Story Source:

The above story is based on materials provided by Cedars-Sinai Medical Center. Note: Materials may be edited for content and length.


Journal Reference:

  1. Raj R Makkar, Rachel R Smith, Ke Cheng, Konstantinos Malliaras, Louise EJ Thomson, Daniel Berman, Lawrence SC Czer, Linda Marbαn, Adam Mendizabal, Peter V Johnston, Stuart D Russell, Karl H Schuleri, Albert C Lardo, Gary Gerstenblith, Eduardo Marbαn. Intracoronary cardiosphere-derived cells for heart regeneration after myocardial infarction (CADUCEUS): a prospective, randomised phase 1 trial. The Lancet, 2012; 379 (9819): 895 DOI: 10.1016/S0140-6736(12)60195-0

Cite This Page:

Cedars-Sinai Medical Center. "How experimental regenerative medicine therapies can regrow damaged heart muscle." ScienceDaily. ScienceDaily, 17 June 2014. <www.sciencedaily.com/releases/2014/06/140617092004.htm>.
Cedars-Sinai Medical Center. (2014, June 17). How experimental regenerative medicine therapies can regrow damaged heart muscle. ScienceDaily. Retrieved August 21, 2014 from www.sciencedaily.com/releases/2014/06/140617092004.htm
Cedars-Sinai Medical Center. "How experimental regenerative medicine therapies can regrow damaged heart muscle." ScienceDaily. www.sciencedaily.com/releases/2014/06/140617092004.htm (accessed August 21, 2014).

Share This




More Health & Medicine News

Thursday, August 21, 2014

Featured Research

from universities, journals, and other organizations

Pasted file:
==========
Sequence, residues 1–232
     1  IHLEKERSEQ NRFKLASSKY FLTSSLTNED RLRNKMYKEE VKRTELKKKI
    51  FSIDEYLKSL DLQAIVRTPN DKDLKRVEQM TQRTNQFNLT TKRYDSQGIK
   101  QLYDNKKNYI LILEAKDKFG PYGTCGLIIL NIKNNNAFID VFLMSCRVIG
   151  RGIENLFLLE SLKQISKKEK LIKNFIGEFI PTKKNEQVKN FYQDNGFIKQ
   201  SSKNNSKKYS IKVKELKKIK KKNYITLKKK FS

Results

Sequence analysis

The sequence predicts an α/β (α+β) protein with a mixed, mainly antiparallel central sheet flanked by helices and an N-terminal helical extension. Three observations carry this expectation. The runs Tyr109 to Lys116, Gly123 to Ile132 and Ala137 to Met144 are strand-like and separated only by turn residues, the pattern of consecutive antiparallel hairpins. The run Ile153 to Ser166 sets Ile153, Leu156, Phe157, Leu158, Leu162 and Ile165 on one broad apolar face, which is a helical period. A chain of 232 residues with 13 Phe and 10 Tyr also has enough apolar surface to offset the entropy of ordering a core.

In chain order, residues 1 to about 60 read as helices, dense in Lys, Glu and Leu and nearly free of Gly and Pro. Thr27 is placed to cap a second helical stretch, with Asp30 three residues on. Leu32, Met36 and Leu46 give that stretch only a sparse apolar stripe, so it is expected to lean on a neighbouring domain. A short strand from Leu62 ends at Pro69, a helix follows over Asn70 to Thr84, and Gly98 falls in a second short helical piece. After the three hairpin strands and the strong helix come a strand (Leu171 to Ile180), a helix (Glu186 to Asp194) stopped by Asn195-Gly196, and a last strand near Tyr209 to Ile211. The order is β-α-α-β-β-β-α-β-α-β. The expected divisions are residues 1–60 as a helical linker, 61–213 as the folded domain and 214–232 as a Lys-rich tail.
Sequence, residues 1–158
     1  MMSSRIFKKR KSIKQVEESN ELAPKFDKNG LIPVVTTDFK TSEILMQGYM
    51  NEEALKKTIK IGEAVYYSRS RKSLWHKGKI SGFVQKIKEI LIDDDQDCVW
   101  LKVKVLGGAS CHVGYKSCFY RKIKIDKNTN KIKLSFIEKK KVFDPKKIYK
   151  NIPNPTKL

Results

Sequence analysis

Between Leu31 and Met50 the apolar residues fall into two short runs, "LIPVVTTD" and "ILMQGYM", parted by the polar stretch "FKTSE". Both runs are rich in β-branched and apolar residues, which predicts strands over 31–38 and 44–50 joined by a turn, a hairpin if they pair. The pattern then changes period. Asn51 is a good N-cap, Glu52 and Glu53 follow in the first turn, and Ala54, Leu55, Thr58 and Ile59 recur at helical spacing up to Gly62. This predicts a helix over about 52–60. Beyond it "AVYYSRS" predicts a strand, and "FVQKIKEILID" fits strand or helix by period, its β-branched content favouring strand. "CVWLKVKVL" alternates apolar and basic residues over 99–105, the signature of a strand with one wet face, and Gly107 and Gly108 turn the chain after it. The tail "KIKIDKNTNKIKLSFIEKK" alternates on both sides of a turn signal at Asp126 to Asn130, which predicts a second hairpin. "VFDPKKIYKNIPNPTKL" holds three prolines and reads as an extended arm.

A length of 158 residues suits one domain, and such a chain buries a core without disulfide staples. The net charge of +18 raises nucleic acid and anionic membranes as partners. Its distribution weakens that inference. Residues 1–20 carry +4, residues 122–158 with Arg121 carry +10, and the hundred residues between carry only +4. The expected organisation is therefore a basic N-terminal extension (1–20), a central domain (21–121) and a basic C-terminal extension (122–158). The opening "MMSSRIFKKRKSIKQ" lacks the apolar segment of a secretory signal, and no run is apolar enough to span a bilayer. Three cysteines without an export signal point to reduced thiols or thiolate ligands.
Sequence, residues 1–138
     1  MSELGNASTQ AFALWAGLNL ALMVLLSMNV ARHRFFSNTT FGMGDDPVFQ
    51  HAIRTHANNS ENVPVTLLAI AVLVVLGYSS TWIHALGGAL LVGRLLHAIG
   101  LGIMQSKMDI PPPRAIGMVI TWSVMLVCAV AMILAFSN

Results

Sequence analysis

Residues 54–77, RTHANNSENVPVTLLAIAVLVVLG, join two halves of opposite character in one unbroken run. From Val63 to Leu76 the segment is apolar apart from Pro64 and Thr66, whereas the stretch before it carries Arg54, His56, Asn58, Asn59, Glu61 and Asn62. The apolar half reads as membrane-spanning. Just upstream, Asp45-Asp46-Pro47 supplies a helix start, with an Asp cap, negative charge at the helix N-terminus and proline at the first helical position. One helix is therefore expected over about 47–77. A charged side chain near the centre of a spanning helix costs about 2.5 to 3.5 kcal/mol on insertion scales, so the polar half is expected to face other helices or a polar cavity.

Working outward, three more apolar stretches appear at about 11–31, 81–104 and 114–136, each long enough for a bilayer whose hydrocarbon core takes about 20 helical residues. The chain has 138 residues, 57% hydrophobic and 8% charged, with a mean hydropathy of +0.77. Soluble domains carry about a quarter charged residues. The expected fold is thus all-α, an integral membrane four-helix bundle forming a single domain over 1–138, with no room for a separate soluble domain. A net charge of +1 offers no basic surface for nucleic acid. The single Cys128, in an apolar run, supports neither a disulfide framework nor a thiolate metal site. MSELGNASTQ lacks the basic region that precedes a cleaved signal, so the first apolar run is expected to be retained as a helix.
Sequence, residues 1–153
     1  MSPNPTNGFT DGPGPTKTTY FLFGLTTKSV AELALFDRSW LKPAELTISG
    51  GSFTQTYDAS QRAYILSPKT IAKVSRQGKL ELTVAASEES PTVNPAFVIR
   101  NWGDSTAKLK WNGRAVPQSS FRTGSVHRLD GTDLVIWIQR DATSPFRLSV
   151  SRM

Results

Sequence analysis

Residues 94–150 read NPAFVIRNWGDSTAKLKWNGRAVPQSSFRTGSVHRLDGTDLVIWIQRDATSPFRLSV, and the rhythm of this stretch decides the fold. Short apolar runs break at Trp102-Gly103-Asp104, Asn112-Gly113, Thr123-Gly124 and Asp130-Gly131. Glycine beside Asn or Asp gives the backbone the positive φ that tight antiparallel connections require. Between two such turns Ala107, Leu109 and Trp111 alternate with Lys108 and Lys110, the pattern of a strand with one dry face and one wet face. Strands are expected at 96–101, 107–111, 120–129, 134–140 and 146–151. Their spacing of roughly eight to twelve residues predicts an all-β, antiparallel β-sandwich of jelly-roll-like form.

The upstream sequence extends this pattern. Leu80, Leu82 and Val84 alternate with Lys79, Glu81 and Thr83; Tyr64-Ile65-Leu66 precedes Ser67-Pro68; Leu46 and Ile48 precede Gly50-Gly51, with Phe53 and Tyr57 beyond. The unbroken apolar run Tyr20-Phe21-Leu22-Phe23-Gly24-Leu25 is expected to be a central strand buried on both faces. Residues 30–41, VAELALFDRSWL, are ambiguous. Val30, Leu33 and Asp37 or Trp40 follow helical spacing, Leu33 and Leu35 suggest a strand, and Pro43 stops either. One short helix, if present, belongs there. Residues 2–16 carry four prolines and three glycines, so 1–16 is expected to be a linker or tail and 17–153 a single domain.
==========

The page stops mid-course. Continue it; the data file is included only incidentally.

Featured Videos

from AP, Reuters, AFP, and other news services

Drug Used To Treat 'Ebola's Cousin' Shows Promise

Drug Used To Treat 'Ebola's Cousin' Shows Promise

Newsy (Aug. 21, 2014) — An experimental drug used to treat Marburg virus in rhesus monkeys could give new insight into a similar treatment for Ebola. Video provided by Newsy
Powered by NewsLook.com
Cadavers, a Teen, and a Medical School Dream

Cadavers, a Teen, and a Medical School Dream

AP (Aug. 21, 2014) — Contains graphic content. He's only 17. But Johntrell Bowles has wanted to be a doctor from a young age, despite the odds against him. He was recently the youngest participant in a cadaver program at the Indiana University NW medical school. (Aug. 21) Video provided by AP
Powered by NewsLook.com
American Ebola Patients Released: What Cured Them?

American Ebola Patients Released: What Cured Them?

Newsy (Aug. 21, 2014) — It's unclear whether the American Ebola patients' recoveries can be attributed to an experimental drug or early detection and good medical care. Video provided by Newsy
Powered by NewsLook.com
Lost Brain Cells To Blame For Sleep Problems Among Seniors

Lost Brain Cells To Blame For Sleep Problems Among Seniors

Newsy (Aug. 21, 2014) — According to a new study, elderly people might have trouble sleeping because of the loss of a certain group of neurons in the brain. Video provided by Newsy
Powered by NewsLook.com

Search ScienceDaily

Number of stories in archives: 140,361

Find with keyword(s):
 
Enter a keyword or phrase to search ScienceDaily for related topics and research stories.

Save/Print:
Share:  

Breaking News:
from the past week

In Other News

... from NewsDaily.com

Science News

Health News

Environment News

Technology News



Save/Print:
Share:  

Free Subscriptions


Get the latest science news with ScienceDaily's free email newsletters, updated daily and weekly. Or view hourly updated newsfeeds in your RSS reader:

Get Social & Mobile


Keep up to date with the latest news from ScienceDaily via social networks and mobile apps:

Have Feedback?


Tell us what you think of ScienceDaily -- we welcome both positive and negative comments. Have any problems using the site? Questions?
Mobile iPhone Android Web
Follow Facebook Twitter Google+
Subscribe RSS Feeds Email Newsletters
Latest Headlines Health & Medicine Mind & Brain Space & Time Matter & Energy Computers & Math Plants & Animals Earth & Climate Fossils & Ruins